Why the Trans-Pacific Partnership pact is not good for health

Retired teacher Salmi* spends up to RM400 a month for her medication to keep her diabetes and hypertension under control.

Needless to say, the current hue and cry about the possible rising prices of medication should Malaysia sign the Trans-Pacific Partnership Agreement (TPPA) has not been good for her health.

"RM400 might be nothing to some people, but it is around one-third of my pension. I will not be able to manage if my medication bill goes higher," says the now stressed 63-year-old.

Although the Government currently provides free treatment and medication at its hospitals, she says she still has to purchase her medication herself as they are not provided by the hospital and those that are, do not "agree" with her.

"I get side effects like nausea and gastric, so I have no choice but to buy another medicine that suits me," she adds.

Salmi uses a combination of branded and generic medicines to keep costs down.

What worries her most, however, is the uncertainty.

"To be honest, I don't really understand the issue. I'm scared to wake up one day and read that the prices of medicine have gone up. I'll have problems then," she says, adding that she hopes the Government can provide more information so that she can at least prepare herself.

According to Society of Active Generation Elders (Sage) president Chin Sek Ham, 72, despite the free outpatient treatment at government hospitals and clinics for senior citizens aged 60 and above, many are struggling to cope with their medical expenses.

"For many senior citizens, their pension and savings do not increase while the value of their ringgit has shrunk over the years, so many are struggling to keep up with the rising prices of things. Just to get medical treatment and medicine is expensive," he says.

Impact of TPPA

Chin, who concedes that he is not fully aware of the TPPA, is also worried about its impact. Especially, as he claims, since the prices of medicine are already high here compared to our neighbouring countries and other developing countries.

"Even before we go into this agreement, the Government needs to look at the prices of medicine in the country to make it more affordable for retirees.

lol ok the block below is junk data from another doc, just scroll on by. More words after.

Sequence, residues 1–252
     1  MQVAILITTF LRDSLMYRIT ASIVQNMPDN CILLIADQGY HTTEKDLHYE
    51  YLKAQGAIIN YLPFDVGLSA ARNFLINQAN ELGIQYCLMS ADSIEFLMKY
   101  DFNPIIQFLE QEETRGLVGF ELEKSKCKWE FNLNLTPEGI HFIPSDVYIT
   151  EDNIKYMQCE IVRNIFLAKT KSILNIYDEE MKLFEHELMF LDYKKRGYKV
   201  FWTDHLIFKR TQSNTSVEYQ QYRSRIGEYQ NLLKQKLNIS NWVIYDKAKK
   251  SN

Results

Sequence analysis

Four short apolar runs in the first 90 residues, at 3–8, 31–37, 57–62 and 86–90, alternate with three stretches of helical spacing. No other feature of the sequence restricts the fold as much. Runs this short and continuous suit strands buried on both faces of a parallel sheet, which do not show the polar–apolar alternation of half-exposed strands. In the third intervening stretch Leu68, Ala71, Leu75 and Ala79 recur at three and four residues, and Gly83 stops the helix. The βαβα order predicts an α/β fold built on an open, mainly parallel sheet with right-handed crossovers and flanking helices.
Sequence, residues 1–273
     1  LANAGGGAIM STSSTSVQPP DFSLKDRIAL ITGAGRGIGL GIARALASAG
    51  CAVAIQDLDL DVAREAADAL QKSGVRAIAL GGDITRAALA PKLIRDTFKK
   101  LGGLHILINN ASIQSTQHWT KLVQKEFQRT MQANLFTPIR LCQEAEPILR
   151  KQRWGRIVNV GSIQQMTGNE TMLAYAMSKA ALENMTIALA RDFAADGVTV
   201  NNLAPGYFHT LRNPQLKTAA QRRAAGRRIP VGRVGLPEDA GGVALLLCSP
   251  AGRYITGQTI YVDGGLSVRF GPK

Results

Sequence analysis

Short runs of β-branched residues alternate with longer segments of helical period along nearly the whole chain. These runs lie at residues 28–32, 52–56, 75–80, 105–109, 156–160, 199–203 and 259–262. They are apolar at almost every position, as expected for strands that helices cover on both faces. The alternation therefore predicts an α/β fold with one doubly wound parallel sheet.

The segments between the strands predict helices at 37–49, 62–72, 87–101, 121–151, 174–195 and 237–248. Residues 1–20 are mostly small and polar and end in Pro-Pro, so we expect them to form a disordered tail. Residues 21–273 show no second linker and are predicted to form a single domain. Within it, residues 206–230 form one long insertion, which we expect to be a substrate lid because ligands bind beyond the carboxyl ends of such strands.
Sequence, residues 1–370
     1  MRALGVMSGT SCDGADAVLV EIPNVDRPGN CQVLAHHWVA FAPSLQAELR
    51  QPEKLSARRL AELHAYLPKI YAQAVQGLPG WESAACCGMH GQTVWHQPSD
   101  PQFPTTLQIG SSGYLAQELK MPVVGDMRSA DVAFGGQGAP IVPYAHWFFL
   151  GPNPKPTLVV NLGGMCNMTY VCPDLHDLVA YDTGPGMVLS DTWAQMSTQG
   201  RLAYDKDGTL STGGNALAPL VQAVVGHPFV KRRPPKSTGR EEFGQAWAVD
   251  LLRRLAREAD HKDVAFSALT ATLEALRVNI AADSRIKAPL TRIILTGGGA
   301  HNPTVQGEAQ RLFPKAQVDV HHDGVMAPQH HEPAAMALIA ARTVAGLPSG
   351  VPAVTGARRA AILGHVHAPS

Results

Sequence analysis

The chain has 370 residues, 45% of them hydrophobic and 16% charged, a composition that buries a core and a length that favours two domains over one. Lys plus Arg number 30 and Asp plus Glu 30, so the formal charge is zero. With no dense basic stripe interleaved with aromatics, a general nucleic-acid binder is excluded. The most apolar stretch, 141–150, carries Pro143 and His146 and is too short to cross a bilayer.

"There is already monopoly and some issues in the system. And while there is a subsidy from the Government right now, it is not enough to help senior citizens.

"Maybe, senior citizens can be given a discount in pharmacies like what is practised in the United Kingdom and United States; that will really help them," he says.

Based on the information available on the TPPA, Chin says there is indication that it may not be good for senior citizens, particularly as the ageing population grows by the day, and their life expectancy is extending.

"The Government needs to source for cheaper medicine for senior citizens and underprivileged members of society," he says.

The World Health Organisation defines generic medicine as a pharmaceutical product - usually intended to be interchangeable with an innovator product - that is manufactured without a licence from the innovator company and marketed after the expiry date of the patent or other exclusive rights.

Generic drugs contain the same medication, dosage and efficacy that is comparable to branded drugs. They are said to be as effective as branded drugs which cost more due to the high cost of research and clinical trials incurred before they are certified as safe for public use.

Branded drugs have a 15-year patency right, during which no generic equivalent are allowed to be in the market.

Due to the high cost of branded medication - sometimes three or four times more than the generic version - it is used alongside generic medicine in the care of patients by hospitals around the world.

In Malaysia, generic drugs purportedly make up 80 per cent of the medicine provided in the country.

Prof Dr Tengku Aizan Hamid, director of the Institute of Gerontology at Universiti Putra Malaysia, also believes that the TPPA may not affect the rich and the majority of middle income earners but in the long run, will affect the poor and senior citizens.

She points to India where the people still use a lot of generic medicine, and from where Malaysia imports most of its generic drugs.

"What's important is the content of the active ingredients that are in the medicine, not the brand," she says, stressing that the Government must safeguard the interest of its citizens.

If the government hospitals are forced to cut down the use of certain medications so as to contain the cost of drugs, it will affect the older people who will then have to purchase the drugs themselves from private suppliers.

"Now, the prescribed drugs usually come from government hospitals. Most private hospitals go with branded drugs," Dr Tengku Aizan notes, adding that she hopes the Government would provide more details on the issue.

The TPPA is an initiative to establish a comprehensive Free Trade Agreement (FTA) to ensure greater market access for trade and investment to participating members. The agreement currently involves 12 countries, including the four countries that Malaysia has yet to sign an FTA with, namely the US, Canada, Peru and Mexico.

The International Trade and Industry Ministry (Miti) has already come out to give an assurance that the issue of medicine and healthcare is high on their agenda at the TPPA negotiations, which Malaysia has been a part of since 2010.

However, the shroud of secrecy around the negotiations has led to speculations from various groups including stakeholders, which is causing confusion and alarm among the public.